Benjamin Netanyahu appeared to take a swipe Thursday at the Obama administration and others who have urged both sides to stop the violence in Israel -- saying the country’s “friends” should not “draw false symmetry” between Israeli victims and Palestinian attackers.
The Obama administration has delivered effectively the same message to Israeli and Palestinian leaders, stressing the importance of "condemning violence and combating incitement." On Wednesday, State Department spokesman John Kirby also described a recent stabbing attack by an Israeli against Arabs in the city of Dimona as an “act of terrorism.” He went on to say, “I would say certainly individuals on both sides” have been capable of and guilty of “acts of terror.”
Netanyahu, in brief remarks on Thursday, blasted Palestinian President Mahmoud Abbas for his own statements about the conflict -- but then shifted to deliver a message to allies.
“We expect all our friends, and anyone concerned with the facts and the truth, to look at these facts to see the truth and not to draw false symmetry between Israeli citizens and those who’d stab them and knife them to death,” Netanyahu said.
He did not mention the U.S. But the statement comes after Secretary of State John Kerry, who plans to visit the region, spoke with both him and Abbas. Publicly, Obama administration officials have put pressure on both sides.
The worst of the violence flared up on Tuesday, though, when Palestinians committed four attacks that killed three Israelis and wounded many more.
The unrest was seen to be triggered by rumors that Israel was plotting to take over Jerusalem's most sensitive holy site, sacred to both Muslims and Jews. Israel has adamantly denied the allegations. But this hasn’t stopped the attacks.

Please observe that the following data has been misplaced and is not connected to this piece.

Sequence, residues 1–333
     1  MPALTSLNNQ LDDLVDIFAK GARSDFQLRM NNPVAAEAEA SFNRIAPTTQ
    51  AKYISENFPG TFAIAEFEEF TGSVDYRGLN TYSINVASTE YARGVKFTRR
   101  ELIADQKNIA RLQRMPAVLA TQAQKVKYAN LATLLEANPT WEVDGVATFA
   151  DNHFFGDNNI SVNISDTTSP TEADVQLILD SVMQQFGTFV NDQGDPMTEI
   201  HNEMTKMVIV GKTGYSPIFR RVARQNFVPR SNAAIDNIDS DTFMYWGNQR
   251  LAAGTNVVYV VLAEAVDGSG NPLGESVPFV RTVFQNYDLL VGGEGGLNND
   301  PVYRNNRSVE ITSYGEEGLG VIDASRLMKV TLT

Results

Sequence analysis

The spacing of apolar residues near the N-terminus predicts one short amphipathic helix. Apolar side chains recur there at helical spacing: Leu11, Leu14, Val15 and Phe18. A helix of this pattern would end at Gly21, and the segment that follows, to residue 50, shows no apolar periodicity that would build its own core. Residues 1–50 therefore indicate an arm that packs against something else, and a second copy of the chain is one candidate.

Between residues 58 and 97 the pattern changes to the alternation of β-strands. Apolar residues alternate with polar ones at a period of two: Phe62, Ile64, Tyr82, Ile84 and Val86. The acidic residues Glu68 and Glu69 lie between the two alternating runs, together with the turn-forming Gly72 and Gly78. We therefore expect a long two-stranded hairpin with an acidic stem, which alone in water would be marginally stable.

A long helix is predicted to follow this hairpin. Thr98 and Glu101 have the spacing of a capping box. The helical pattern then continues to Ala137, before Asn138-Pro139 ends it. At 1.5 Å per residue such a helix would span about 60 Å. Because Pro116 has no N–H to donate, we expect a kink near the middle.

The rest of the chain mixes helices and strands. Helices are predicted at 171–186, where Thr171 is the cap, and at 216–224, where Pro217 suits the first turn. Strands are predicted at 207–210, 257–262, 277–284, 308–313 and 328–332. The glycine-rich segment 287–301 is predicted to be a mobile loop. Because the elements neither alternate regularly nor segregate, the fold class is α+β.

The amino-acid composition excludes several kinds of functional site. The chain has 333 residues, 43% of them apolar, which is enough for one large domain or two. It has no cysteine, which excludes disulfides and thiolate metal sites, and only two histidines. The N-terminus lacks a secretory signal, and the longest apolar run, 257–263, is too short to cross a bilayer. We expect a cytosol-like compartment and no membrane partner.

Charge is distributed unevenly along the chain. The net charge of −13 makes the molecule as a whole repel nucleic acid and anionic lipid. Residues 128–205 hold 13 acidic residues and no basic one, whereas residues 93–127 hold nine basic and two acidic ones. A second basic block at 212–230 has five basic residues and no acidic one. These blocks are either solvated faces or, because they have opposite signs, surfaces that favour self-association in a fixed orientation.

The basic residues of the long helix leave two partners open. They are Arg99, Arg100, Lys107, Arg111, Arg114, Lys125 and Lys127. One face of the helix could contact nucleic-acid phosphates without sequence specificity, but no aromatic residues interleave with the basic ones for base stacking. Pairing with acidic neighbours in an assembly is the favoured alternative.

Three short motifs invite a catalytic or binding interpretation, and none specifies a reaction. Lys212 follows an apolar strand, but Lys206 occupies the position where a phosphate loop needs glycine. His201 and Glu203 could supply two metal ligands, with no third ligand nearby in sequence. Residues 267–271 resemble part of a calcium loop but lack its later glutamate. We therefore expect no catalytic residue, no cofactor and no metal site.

In response to Tuesday’s attacks, Kirby put out a statement condemning “terrorist attacks against Israeli civilians, which resulted in the murder of three Israelis and left numerous others wounded.”
He added: “We remain deeply concerned about escalating tensions and urge all sides to take affirmative steps to restore calm and prevent actions that would further escalate tensions.”
White House Press Secretary Josh Earnest said Kerry’s visit underscores the "continuing deep concern" the U.S. has and urged both sides to take "affirmative steps" to calm tensions.
Republican lawmakers have pressed the Obama administration to take a more active role. And Sen. Marco Rubio, R-Fla., a Republican presidential candidate, blasted the administration for blaming “both sides.”
“As Palestinian terrorists continue to murder and maim Israelis, the Obama administration is spreading malicious falsehoods about the attacks,” Rubio said in a statement.
On Thursday, Rep. Lee Zeldin, R-N.Y., called for Kirby to be removed from his position for saying the Israeli stabbing attacker committed terrorism.
"It is absolutely disgusting and shameful that the Obama Administration not only refuses to stand strong with our ally in Israel, but actually has the audacity to claim that the Israelis are guilty of terrorism," Zeldin said in a statement. "... If Secretary John Kerry refuses to speak out and discipline Mr. Kirby [then] Secretary Kerry needs to step aside as well."
The Associated Press contributed to this report.